New York City, Long Island Impose Gas Rationing System to Curb Long Lines

VIDEO: The gas crisis is escalating as widespread rationing is being
WATCH Gas Shortages Spread in Sandy-Hit Northeast

New York City and Long Island drivers will have to check their license plates before attempting to get in line for gas in the aftermath of superstorm Sandy.

More than a week after Sandy blew through the Northeast, drivers are still frustrated and angry over the long lines at gas stations, which has prompted New York City and Long Island to impose a gasoline rationing system.

Police will be at gas stations Friday morning to enforce the new system that will allow drivers with license-plate numbers ending in an odd number to get gas on odd days and even license plates numbers to get gas on even days. License plates ending in letters are considered an odd number.

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Buses, taxes, limousines, commercial vehicles and emergency vehicles are exempt from the plan, as are people carrying portable gas cans.

More than 500,000 customers are still living without power in the region and many need the fuel to keep generators running in these frigid temperatures.

"We have to do something," New York City Mayor Michael Bloomberg said Thursday. "This is practical and enforceable and a lot better than doing nothing."

Bloomberg said only a quarter of the city's gas stations were open. Some were closed because they were out of power, others because they can't get fuel from terminals and storage tanks that can't unload their cargoes.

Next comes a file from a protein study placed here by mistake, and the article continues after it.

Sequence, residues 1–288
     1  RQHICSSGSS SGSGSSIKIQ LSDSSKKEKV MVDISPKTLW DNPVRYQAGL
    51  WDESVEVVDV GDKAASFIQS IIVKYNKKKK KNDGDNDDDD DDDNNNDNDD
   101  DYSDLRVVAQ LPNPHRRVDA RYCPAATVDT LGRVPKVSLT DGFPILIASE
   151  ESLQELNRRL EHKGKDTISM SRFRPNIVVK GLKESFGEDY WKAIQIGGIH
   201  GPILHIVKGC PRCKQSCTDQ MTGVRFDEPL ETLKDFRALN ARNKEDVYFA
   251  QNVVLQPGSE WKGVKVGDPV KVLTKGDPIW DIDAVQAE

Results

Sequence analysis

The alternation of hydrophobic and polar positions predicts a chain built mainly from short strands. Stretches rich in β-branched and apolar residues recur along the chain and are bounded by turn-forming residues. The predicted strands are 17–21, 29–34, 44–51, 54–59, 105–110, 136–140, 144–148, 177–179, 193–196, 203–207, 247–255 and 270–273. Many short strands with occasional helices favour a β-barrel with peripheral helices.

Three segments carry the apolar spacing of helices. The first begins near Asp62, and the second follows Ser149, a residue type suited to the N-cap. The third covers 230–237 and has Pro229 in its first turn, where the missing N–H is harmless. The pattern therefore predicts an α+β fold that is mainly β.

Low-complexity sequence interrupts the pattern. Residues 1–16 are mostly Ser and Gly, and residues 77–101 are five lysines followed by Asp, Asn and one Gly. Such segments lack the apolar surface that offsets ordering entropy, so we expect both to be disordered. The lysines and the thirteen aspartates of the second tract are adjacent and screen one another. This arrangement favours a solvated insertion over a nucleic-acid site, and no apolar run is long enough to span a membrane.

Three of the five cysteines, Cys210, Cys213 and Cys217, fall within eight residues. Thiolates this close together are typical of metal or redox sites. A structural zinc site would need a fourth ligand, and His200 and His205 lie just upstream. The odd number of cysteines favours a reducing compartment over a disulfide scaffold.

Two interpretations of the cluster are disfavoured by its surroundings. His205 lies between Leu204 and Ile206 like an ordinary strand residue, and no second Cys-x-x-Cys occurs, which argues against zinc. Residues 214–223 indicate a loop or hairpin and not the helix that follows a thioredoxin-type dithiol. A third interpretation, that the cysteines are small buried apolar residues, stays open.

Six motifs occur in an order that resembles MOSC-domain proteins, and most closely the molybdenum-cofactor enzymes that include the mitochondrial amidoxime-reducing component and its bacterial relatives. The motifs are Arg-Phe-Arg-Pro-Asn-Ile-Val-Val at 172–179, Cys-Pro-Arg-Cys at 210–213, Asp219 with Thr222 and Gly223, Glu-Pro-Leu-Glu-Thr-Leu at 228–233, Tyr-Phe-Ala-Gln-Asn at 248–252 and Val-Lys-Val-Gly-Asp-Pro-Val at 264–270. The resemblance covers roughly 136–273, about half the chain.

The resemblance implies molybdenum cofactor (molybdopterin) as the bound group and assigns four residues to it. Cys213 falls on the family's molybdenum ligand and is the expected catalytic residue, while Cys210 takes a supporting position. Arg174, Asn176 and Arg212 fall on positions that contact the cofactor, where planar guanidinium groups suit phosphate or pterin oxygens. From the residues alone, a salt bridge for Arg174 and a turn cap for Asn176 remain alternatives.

"I think that makes sense. I think that should have started from the beginning. I think it would have eased up, and you wouldn't of had this these long lines," a Queens, N.Y., driver told ABC News station WABC-TV.

The long lines for gas are eerily reminiscent of the dark days of the 1979 energy crisis under President Jimmy Carter, the last time a gas rationing system was put in place.

Officials said something needed to be done so everyone, both drivers and people using gas to fuel generators, can have their chance at a fair share.

"This is designed to let everybody have a fair chance, so the lines aren't too oppressive and that we can get through this," Bloomberg said.

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New Jersey Gov. Chris Christie implemented a rationing system shortly after the demand for fuel became too great. Christie has said that the new rules have curbed lines from more than three hours to under an hour.

The rationing system comes two days after a nor'easter blew through the area, knocking out power to those who just got it back from superstorm Sandy.

The Associated Press contributed to this report.